Routing Between Two Nodes Using IPv4 Addressing

Instructor: Brandon Bass

Brandon has taught Masters and Bachelors courses in Computer Science, Security and Programming. He as a Ph.D in Digital Systems Security and Computer Science.

This is an elementary view of IPv4 and how data is transmitted between two nodes over a network. This lesson will cover topics such as Class C IPv4, RIP, OSPF, and EIGRP.

About the IPv4 Protocol

All networking is simply data communication between computer systems in the basic sense. As a method of communication, IPv4 has been around since 1970. This 32-bit addressing format has been the standard for transmission of information between devices on a network for nearly 50 years. The possible combinations in 32-bit numbers allowed for the mapping of physical devices so that traffic could be sent over the network from one device to another. Think of the IPv4 number as the street address of the computer, and the network mask as the zip code for the area where the computer is located.

IPv4 Characteristics

IPv4 represents a 32-bit integer or 4 bytes in length. In binary, this is 2^32 or 4,294,967,296 total addresses. IPv4's 4-byte addresses use what is known as dotted decimal notation which has four octets. If you recall, a byte is 8 bits. An octet contains the root word ''octo'' meaning 8. There are 32 bits in the address, so it can be divided into four octets, with periods as delimiters.

IPv4 Subnetting

A subnet is a way of breaking down an IP network into logical pieces. Standard subnetting for IPv4 uses what is known as a classful subnet. A class C subnet, for example, would use the entire 8-bit address space, producing the maximum number of addresses or 256. A classful class C is common among businesses. The subnet mask is always the number of bits used. For a class C range, the mask has 24 bits on and 8 bits off. The resultant mask for this is range is Each network contains the maximum number of hosts minus 2, because the first address must be the ''network ID'' and the last address must be the ''broadcast ID.''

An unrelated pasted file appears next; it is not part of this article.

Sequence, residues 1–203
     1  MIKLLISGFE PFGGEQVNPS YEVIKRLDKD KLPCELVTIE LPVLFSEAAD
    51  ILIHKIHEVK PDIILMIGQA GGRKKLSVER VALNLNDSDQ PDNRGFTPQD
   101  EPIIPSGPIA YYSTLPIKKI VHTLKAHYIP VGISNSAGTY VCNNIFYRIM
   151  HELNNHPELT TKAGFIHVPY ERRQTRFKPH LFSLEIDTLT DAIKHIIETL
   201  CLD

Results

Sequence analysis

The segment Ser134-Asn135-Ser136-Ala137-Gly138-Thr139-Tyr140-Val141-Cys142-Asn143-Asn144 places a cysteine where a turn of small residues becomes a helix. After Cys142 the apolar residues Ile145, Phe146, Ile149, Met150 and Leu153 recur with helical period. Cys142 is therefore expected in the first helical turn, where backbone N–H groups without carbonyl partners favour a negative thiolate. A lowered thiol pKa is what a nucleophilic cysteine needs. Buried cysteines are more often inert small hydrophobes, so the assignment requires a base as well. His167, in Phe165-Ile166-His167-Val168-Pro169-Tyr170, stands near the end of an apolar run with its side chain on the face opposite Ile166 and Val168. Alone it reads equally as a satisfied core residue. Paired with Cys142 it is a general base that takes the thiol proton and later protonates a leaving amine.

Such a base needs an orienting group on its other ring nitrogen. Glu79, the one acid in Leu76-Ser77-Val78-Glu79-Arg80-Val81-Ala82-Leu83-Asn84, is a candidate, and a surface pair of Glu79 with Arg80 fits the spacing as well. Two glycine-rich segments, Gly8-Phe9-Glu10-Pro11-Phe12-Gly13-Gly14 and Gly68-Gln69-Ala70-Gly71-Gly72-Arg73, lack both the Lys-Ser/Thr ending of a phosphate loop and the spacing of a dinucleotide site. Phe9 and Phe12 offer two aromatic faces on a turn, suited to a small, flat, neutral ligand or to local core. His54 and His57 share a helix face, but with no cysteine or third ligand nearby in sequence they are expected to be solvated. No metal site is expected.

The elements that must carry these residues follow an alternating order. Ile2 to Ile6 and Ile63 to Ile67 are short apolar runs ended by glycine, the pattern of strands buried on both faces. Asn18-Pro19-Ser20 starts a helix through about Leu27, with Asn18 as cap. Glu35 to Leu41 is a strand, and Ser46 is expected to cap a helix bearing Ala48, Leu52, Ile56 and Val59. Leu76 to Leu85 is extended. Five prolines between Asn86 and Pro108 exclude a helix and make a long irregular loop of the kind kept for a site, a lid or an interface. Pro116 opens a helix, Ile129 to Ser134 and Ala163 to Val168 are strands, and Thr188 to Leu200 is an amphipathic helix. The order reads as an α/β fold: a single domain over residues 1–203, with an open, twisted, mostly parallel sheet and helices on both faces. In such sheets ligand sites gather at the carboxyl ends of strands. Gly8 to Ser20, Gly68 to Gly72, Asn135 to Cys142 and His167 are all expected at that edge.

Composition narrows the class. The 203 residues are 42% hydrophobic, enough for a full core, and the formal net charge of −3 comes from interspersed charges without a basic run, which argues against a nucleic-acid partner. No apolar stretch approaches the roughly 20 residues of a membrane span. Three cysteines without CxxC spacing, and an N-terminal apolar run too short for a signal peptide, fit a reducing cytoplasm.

How These Nodes Communicate

Once a node has been assigned an address, it can use its send protocols to transmit IPv4 packets. Through a method known as encapsulation, the node will use the IPv4 layer (from the OSI model) to take data segments and encapsulate them into a 32-bit payload. This contains all the necessary information to transmit this data to the node on the other end. The following figure showcases an IP payload header.

IP Payload Header
IP Payload Header

While it is unnecessary at this time to understand every piece of the payload, it is important to visualize the 32-packet payload and to know that as this is sent over the network, the data can be analyzed be each node it touches and forwarded on until it reaches the appropriate destination. It also contains data that lets the receiving node know if the full packet has arrived and is corrupted or intact. That way, it can request a re-transmission if there is something wrong with the packet from the source.

IPv4 nodes must have IPv4 addressing schemes as listed. Routing is merely the decision of where to send the payload. Switches will receive the initial payload. If the IPv4 address and subnet of the sender are in the same subnet as the intended recipient, the switch will forward the payload to that node. So, for your computer to send information to your smart TV, they share the same IPv4 subnet of and, with a subnet mask.

Anything outside the subnet requires that routers send the information where it needs to go. Routers are configured by network administrators with a series of protocols that ascertain what they are connected to. Then they request information from other routers so they can update their tables. This can be done through protocols.

RIP (Routing Information Protocol) is a method that advertises all routing tables of all things connected to the router every 30 seconds. That way, every connection to each router is constantly updated and the packet can make its way to the appropriate destination.

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